Each year, from 25 November to 10 December, the 16 Days of Activism
campaign calls for action against one of the world’s most persistent violations of
human rights – violence against women and girls.
Thursday 25 November 2021 is the International Day for the Elimination of
Violence against Women and marks day one of the 16 Days of Activism. The
period is characterized by 15 more issues that speak to ending gender-based
violence through raising awareness, challenging discriminatory attitudes and
calling for improved laws and services to end violence against women and girls.
The 2021 campaign is themed “Women and girls: Safe at home, online, in the
street, at work and in society as a whole”.
How did the 16 Days of Activism come about?
On 25 November 1960, sisters Patria, Minerva and Maria Teresa Mirabal, three
political activists who actively opposed the cruelty and systematic violence of
the Trujillo dictatorship in the Dominican Republic, were clubbed to death and
dumped at the bottom of a cliff by Trujillo’s secret police.
The Mirabal sisters became symbols of the feminist resistance, and in
commemoration of their deaths, 25 November was declared International Day
for the Elimination of Violence against Women in Latin America in 1980. This
international day was formally recognised by the United Nations in 1999.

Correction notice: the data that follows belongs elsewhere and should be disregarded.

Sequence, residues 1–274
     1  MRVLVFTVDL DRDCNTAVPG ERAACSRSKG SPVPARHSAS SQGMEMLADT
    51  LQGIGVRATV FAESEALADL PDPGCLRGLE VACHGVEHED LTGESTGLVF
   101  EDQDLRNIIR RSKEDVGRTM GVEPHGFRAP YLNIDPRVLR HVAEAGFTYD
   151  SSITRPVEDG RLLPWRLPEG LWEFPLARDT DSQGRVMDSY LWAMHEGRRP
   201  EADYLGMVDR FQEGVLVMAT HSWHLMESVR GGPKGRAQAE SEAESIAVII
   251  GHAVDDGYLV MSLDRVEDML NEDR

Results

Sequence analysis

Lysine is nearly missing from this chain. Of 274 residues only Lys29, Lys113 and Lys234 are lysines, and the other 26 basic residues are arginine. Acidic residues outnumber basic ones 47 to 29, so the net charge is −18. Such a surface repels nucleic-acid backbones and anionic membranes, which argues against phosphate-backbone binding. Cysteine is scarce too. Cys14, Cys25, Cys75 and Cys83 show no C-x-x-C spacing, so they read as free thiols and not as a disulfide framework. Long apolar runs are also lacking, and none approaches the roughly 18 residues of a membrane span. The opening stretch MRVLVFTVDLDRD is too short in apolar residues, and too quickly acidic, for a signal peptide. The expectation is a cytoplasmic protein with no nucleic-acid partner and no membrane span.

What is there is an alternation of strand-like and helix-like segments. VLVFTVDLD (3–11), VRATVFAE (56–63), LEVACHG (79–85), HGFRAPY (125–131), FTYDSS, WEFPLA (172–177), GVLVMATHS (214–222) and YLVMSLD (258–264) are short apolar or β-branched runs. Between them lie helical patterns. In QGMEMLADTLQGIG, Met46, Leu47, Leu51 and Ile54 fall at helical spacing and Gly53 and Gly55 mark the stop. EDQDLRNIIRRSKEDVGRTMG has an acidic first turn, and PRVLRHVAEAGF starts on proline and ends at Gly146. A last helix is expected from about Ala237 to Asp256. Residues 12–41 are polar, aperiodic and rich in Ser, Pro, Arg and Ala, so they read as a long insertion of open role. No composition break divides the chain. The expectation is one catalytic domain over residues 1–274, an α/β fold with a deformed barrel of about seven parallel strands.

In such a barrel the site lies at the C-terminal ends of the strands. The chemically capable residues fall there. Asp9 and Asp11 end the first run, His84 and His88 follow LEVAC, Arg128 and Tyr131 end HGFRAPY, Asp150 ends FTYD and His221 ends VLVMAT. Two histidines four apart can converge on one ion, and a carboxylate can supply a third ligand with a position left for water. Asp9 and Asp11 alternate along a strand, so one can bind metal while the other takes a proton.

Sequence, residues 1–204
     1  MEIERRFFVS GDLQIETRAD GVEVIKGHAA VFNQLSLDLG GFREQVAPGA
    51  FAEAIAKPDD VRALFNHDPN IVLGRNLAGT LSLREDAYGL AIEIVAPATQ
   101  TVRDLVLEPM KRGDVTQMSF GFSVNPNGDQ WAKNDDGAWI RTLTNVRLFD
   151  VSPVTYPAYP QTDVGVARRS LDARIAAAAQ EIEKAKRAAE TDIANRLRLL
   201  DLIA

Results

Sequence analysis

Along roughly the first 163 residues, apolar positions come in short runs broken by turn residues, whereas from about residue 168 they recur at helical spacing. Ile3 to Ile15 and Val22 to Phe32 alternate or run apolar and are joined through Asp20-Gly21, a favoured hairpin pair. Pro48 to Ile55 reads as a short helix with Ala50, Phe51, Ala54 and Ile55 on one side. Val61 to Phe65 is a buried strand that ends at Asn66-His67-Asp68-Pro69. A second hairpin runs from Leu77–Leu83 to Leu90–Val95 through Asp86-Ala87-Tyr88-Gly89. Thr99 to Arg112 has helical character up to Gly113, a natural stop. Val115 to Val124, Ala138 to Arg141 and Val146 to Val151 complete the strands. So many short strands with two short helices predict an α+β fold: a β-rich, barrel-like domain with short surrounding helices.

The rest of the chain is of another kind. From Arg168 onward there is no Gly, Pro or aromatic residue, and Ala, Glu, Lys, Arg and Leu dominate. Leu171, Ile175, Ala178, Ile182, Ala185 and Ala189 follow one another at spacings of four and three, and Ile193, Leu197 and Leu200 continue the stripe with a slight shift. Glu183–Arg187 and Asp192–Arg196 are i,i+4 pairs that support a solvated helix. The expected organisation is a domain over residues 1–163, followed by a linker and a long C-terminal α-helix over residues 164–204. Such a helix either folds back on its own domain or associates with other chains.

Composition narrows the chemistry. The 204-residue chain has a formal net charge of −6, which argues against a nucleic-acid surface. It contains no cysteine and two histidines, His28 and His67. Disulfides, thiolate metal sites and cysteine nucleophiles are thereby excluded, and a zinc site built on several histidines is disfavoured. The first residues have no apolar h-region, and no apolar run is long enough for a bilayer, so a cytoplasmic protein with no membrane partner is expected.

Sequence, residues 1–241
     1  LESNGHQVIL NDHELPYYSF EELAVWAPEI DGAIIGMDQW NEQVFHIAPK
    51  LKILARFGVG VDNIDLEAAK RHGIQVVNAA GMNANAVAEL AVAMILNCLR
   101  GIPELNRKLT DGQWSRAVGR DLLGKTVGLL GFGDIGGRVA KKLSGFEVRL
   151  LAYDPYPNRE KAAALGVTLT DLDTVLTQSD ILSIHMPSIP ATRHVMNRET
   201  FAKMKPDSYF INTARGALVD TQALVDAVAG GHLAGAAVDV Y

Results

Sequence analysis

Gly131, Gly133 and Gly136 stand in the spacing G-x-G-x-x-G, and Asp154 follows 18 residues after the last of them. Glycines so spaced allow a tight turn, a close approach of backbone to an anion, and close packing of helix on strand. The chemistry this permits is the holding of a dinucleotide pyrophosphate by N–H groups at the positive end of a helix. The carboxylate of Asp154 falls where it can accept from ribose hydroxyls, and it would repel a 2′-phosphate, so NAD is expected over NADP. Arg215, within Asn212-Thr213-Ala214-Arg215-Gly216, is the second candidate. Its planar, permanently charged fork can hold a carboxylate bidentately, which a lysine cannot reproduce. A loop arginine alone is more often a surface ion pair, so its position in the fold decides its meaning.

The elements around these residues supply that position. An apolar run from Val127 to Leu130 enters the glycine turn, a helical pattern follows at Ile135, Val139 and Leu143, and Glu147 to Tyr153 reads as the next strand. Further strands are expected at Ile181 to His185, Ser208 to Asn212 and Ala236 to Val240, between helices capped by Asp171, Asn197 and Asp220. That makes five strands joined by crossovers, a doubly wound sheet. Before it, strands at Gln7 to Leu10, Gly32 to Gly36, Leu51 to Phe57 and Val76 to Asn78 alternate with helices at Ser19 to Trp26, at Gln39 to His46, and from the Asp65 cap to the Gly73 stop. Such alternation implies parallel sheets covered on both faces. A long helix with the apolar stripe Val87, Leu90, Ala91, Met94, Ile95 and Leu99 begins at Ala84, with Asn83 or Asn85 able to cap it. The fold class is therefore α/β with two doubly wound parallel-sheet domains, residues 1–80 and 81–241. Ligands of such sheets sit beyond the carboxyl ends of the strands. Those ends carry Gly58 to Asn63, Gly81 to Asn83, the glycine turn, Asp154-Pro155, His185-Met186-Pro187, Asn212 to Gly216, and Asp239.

In June 1991, the Centre for Women’s Global Leadership (CWGL), alongside
participants of the first Women’s Global Institute on Women, Violence and
Human Rights, called for a global campaign of 16 days of Activism Against
Gender Based Violence.
Why does this matter?
Violence against women continues to occur at an alarming scale in every
country in the world. Too often it is accepted as normal behaviour and the
global culture of discrimination against women allows violence to occur with
impunity. Recent movements such as #MeToo and #TimesUp have propelled
this issue onto the global stage.
Violence against women is a global problem that requires global action. Calls for
action like the 16 days of Activism are crucial because they shine a spotlight on
the issue of violence against women. They are a moment to create public
awareness about what needs to change to prevent it from happening in the first
place at local, national, regional and international levels.
Who needs to be involved?
To end violence against women, we need to challenge the attitudes that
perpetuate, rationalise and normalise it, besides denying women’s right to
safety. Men are overwhelmingly the perpetrators of gender-based violence. To
see violence truly eliminated, the attitudes of men need to change. Shifting
these behaviours is hard and slow, but gender equality means all of us, and
working with all genders is the only way to see true change. Together we must
call on governments, organisations and people everywhere to speak out against
Violence against women is not inevitable; it is preventable. Tell your families,
schools, communities and workplaces. Together, our message will be amplified,
and our voices heard.
You can support the movement by tweeting #16Days to support human rights
organisations, participating in marches in your cities. Your voice is a critical part
of the global movement to end violence against women.